Available from Boydell and Brewer
|1388 (Feb.)||John Palmer I|
|1388 (Sept.)||William Shropshire|
|1390 (Jan.)||Richard Clewer|
|1391||Hugh de la Lynde|
|Nicholas Sambourn I|
|1393||Hugh de la Lynde|
|John Marsh I|
|John Marsh I|
|1397 (Jan.)||Robert Aunger|
|John Marsh I|
|1397 (Sept.)||Hugh de la Lynde|
|1413 (May)||Richard Widcombe|
|1414 (Apr.)||John Marsh II|
|1414 (Nov.)||Richard Widcombe|
|John Marsh II|
|1421 (May)||Richard Widcombe|
|John Marsh II|
|1421 (Dec.)||Walter Rich|
With an estimated population of 855 in 1377, Bath was smaller than its sister city of Wells and completely overshadowed by its neighbour, Bristol. A merchant guild had come into existence before Bath received its first royal charter in 1189. By 1230 a mayor had appeared. In 1256, a further charter gave the citizens the right of returning royal writs, of bequeathing their property by will, and of nominating coroners;1 and from 1341 they were also allowed to appoint their own local assessors and collectors of royal subsidies. By the middle years of the 15th century a mayor, bailiffs, cofferers, constables, aldermen and proctors, elected at the end of August or beginning of September each year, formed the municipal hierarchy.
Bath shared with Wells the distinction of being the cathedral town of the diocese. The charter granted by Edward I to Robert Burnell in 1275 finally settled the bishop’s rights in the city after long dispute, but episcopal overlordship of Bath and its suburbs, with the exception of the Barton, apparently had little effect on the city’s internal constitution. Moreover, the bishop’s income from courts, fairs and markets, supplemented by burgage rents payable by the mayor and commonalty, was comparatively small. The bishop’s influence might be exerted through his steward, who always presided over the hundred court held in the city, and matters such as the removal of the pillory and the change in a street name were referred to this official for approval, but the freeman’s oath was made to the mayor alone.2
A long dispute between the citizens and the prior of Bath during the period indicates the growing strength of the mayor and commonalty vis-à-vis both him and the bishop. By long-established custom the monks had rung the first bell in the morning and the last at night. Such superiority as this implied was challenged in August 1417 when Richard Widcombe, the mayor, Ralph Hunt and a number of other leading citizens proceeded to have bells rung in the city churches both earlier and later than those of the priory. The prior immediately appealed to the King who, by signed warrant from Caen, ordered the citizens to ‘cesse of al suche manere newe and wilfulle gouernance’. In an attempt to arbitrate, Bishop Bubwith and Sir Walter Hungerford* drew up a settlement in November following. This failed to address the issue to the satisfaction of the parties, and in August 1418 two royal judges, William Hankford and Robert Hill, were appointed to adjudicate. A jury at Frome in October 1420 rehearsed the details of the dispute, but three more years were to elapse before a final agreement was reached. This was produced by Bishop Bubwith as a compromise plan, but the claims of the citizens were nevertheless give due recognition.3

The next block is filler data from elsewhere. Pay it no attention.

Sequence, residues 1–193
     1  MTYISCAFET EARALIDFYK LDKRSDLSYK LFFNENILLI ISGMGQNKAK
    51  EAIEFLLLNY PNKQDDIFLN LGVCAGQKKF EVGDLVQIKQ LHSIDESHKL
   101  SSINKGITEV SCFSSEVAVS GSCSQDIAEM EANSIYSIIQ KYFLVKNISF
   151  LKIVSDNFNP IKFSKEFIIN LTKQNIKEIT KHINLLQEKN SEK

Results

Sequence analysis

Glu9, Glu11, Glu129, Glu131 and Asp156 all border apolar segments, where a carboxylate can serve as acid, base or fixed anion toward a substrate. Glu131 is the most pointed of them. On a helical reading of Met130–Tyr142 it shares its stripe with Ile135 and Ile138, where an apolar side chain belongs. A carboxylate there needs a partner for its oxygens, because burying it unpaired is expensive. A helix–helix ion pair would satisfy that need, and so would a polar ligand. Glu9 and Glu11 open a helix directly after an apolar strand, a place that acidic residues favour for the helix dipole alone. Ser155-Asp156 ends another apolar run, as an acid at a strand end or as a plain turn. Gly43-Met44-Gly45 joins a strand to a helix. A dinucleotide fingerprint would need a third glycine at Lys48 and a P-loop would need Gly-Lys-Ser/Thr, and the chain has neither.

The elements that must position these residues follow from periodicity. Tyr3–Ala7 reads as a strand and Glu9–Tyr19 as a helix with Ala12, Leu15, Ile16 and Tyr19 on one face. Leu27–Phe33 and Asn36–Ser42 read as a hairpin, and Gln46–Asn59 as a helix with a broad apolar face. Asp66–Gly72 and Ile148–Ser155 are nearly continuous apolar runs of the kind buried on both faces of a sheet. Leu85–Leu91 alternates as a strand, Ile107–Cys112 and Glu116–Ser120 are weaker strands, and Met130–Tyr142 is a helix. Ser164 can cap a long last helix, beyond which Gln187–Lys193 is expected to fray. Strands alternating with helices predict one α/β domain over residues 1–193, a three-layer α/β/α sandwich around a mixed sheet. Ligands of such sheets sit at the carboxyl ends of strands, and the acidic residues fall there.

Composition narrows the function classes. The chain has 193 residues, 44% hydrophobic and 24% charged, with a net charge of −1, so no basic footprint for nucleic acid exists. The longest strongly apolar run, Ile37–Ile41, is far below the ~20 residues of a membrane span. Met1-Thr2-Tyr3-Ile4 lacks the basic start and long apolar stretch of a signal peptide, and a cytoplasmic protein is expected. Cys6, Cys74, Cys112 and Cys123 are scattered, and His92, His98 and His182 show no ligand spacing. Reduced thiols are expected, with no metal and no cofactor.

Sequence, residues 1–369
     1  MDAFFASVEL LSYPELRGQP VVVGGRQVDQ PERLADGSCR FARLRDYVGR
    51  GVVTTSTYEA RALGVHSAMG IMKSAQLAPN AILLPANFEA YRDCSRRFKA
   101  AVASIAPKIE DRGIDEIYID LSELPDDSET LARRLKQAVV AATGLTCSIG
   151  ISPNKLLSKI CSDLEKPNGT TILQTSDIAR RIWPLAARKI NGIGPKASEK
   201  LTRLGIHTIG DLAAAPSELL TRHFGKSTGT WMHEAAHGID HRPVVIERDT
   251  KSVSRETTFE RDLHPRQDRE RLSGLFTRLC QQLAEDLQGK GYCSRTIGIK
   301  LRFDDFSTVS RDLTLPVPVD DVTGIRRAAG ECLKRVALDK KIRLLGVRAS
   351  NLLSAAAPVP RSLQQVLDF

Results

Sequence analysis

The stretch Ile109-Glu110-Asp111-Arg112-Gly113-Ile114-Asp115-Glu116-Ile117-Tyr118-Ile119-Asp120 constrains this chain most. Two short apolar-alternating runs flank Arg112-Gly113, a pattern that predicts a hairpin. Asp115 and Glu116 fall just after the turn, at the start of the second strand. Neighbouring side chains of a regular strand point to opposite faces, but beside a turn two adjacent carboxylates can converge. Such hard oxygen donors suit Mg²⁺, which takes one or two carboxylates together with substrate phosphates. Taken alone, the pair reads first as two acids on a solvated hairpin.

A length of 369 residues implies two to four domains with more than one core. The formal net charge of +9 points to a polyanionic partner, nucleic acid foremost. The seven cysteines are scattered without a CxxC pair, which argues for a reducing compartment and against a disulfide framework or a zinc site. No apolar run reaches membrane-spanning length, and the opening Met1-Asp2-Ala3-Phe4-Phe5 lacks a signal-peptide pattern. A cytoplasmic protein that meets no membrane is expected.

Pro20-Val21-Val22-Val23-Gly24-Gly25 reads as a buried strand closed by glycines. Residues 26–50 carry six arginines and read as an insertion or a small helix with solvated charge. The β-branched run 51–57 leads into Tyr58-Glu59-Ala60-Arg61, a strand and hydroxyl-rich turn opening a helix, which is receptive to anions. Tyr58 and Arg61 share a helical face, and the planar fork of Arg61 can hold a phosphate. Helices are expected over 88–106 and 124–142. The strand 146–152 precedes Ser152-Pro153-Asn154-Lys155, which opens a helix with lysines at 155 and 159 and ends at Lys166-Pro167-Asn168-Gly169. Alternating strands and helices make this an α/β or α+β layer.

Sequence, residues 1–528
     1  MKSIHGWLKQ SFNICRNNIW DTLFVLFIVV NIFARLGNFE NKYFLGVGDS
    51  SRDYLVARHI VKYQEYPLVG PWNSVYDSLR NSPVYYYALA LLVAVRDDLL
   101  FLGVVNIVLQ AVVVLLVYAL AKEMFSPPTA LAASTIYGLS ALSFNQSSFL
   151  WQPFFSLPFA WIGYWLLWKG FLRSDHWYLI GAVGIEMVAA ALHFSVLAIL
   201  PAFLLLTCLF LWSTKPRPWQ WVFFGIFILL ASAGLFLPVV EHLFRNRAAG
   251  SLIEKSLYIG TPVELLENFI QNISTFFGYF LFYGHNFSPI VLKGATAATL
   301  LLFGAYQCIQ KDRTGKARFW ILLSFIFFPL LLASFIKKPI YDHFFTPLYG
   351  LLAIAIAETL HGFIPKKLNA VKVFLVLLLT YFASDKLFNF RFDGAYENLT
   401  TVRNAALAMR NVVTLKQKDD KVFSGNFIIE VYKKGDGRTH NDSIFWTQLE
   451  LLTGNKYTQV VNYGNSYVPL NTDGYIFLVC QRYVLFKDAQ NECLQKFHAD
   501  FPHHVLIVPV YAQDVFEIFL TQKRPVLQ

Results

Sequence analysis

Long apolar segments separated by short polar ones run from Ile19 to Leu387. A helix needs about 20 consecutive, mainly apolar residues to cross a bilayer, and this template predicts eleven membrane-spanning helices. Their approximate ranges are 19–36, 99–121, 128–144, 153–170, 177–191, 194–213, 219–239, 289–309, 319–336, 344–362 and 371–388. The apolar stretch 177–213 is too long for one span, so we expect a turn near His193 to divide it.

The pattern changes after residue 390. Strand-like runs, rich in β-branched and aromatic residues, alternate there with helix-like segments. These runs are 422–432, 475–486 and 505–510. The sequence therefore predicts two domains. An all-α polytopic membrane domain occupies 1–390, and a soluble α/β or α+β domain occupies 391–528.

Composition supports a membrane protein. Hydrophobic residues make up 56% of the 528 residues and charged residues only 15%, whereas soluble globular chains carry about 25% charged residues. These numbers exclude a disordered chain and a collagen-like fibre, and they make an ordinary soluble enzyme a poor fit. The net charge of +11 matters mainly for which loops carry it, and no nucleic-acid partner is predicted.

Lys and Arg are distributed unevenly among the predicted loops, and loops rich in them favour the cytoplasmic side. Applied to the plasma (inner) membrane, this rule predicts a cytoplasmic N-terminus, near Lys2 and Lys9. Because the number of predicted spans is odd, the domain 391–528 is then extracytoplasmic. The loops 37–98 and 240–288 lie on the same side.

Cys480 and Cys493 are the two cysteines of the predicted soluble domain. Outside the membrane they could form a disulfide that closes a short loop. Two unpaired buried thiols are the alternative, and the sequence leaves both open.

Neither bishop nor prior had any demonstrable influence over ordinary civic affairs or, judging by the identity of those Members returned in the period under review, on parliamentary elections. It is not known how these were carried out, though by the middle of the 16th century the choice was restricted to the ‘chamber’, comprised of the mayor, aldermen and council. During our period it became usual for the city to send a delegation of four individuals to the county court. Thus, for example, at Ilchester on 12 Nov. 1414 Ralph Hunt, the then mayor, and three others, ‘de assensu totius communitatis civitatis’, gave the sheriff the names of Richard Widcombe and William Radstock. It is not clear, however, whether these two had been previously elected in Bath, or whether the delegates were left to make the choice themselves when they arrived at the court.4